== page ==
A private island off the coast of Nanaimo is being donated in the highest-value land transfer in the history of the Islands Trust Conservancy.
Link Island, a 21.5-hectare island between Gabriola Island and Vancouver Island valued at $3.73 million, has been donated to the conservancy by Betty Swift, who died in 2021. According to a release from Islands Trust Conservancy, Swift left instructions regarding the land transfer.
The family’s dream is that the Link Island Nature Reserve can become a location for climate-change research.
“This gift is about the future,” said Barbara Swift, Betty Swift’s daughter, in the release. “It is a gift for us all.”
The land transfer means the reserve now has a new conservation covenant held by the Nanaimo and Area Land Trust and the Gabriola Land and Trails Trust, the release noted.
“Having an entire island set aside for conservation is an incredibly rare thing,” said Paul Chapman, executive director of NALT. “I’m excited to see what we do with this unique opportunity, and to work together to find innovative ways to steward the island in the face of climate change.”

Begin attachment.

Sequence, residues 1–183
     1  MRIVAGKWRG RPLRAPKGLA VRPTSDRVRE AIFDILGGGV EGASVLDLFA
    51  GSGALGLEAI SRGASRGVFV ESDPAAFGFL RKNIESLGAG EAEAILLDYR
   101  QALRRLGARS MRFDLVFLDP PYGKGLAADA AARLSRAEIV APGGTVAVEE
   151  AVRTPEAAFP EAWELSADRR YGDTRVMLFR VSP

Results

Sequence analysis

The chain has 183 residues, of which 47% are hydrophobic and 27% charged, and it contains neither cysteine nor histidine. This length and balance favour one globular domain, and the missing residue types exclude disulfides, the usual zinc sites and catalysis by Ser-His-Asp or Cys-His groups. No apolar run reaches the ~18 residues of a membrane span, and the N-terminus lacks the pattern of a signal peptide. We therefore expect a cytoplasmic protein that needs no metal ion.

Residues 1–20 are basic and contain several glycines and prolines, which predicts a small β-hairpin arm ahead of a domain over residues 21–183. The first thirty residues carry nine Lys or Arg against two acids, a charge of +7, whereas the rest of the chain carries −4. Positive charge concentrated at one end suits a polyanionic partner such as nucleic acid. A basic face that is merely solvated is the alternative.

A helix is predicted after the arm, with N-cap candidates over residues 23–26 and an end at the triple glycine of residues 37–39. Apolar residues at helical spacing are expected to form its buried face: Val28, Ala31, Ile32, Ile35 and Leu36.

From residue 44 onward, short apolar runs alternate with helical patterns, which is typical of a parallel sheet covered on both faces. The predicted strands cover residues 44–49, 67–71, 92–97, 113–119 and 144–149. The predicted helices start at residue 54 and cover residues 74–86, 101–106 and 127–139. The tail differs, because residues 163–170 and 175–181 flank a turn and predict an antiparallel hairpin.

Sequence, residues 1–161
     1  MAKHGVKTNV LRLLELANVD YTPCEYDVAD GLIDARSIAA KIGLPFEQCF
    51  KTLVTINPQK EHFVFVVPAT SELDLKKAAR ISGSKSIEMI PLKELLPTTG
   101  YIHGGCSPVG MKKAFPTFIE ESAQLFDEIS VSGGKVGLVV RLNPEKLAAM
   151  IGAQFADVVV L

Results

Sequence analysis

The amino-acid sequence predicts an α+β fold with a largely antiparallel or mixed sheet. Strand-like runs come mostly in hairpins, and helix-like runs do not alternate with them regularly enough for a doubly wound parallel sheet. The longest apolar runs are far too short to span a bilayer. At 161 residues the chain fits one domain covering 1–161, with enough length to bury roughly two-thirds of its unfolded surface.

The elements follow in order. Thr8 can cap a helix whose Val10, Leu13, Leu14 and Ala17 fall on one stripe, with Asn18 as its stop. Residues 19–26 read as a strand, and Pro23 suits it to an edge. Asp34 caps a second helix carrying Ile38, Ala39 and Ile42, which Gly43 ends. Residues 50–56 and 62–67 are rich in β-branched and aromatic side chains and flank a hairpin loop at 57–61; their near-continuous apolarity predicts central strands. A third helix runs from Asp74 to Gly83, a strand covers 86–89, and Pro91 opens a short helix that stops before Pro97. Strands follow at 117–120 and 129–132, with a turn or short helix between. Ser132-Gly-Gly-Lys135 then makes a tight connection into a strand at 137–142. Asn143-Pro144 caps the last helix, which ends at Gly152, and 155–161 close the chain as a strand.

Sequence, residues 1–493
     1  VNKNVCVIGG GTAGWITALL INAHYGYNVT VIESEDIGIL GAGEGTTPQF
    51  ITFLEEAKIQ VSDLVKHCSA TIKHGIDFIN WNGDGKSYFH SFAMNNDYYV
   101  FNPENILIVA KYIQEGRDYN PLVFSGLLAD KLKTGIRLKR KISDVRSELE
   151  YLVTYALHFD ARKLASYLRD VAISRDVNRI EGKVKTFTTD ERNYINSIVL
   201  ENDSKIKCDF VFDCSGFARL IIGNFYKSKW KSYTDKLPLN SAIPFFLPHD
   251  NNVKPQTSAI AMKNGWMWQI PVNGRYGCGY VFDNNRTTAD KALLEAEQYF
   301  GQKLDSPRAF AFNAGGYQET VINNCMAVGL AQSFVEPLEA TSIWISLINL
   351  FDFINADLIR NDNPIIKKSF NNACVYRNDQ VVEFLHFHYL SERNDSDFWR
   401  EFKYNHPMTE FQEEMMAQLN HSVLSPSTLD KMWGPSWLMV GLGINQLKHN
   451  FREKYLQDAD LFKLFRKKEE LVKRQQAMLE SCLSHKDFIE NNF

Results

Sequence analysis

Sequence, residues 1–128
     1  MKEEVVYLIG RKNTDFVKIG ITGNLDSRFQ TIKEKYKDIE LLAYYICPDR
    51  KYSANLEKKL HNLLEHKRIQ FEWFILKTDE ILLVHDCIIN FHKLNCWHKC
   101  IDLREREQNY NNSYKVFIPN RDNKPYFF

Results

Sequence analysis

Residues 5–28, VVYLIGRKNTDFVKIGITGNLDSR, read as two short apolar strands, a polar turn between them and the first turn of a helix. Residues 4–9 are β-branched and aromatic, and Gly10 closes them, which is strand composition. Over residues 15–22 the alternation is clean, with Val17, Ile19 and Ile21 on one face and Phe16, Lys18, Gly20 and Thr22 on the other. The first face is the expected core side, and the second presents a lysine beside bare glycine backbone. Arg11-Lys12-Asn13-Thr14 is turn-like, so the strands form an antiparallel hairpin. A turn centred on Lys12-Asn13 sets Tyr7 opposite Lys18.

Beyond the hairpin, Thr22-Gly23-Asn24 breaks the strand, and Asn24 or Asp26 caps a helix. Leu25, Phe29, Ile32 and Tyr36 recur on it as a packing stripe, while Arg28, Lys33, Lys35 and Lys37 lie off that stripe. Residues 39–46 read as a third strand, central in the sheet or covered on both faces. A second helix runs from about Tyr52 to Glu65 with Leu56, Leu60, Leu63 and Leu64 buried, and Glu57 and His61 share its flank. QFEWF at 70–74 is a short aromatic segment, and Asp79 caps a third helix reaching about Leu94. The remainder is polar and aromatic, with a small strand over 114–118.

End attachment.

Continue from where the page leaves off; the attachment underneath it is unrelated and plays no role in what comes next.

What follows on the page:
Rob Brockley, president of Gabriola Land and Trails Trust, said in the release that the island is “an incredibly generous gift for conservation.”
Linda Adams, chairperson of the Islands Trust Conservancy, said her group is honoured to be entrusted with stewardship of the island.
“It is our intent to manage Link Island in a way that recognizes and protects both its cultural and ecological values,” she said in the release.
The conservancy stated that it is currently developing a management plan and is initiating conversations with multiple First Nations “whose territory and interests” include Link Island.
Link Island is located between Mudge and DeCourcy islands and is connected to both those islands at low tide. According to the release, Link has more than three kilometres of undeveloped shoreline, cliffs, wetlands, sandstone formations, tidal flats, Douglas fir and arbutus trees, prairie oak meadows and threatened species including the western screech own, barn swallow and great blue heron.
The land transfer reserves right of use of the island for Swift’s children and grandchildren, but the island will otherwise remain closed to the public “so it can provide sanctuary to the rare and threatened ecosystems and species that reside there.”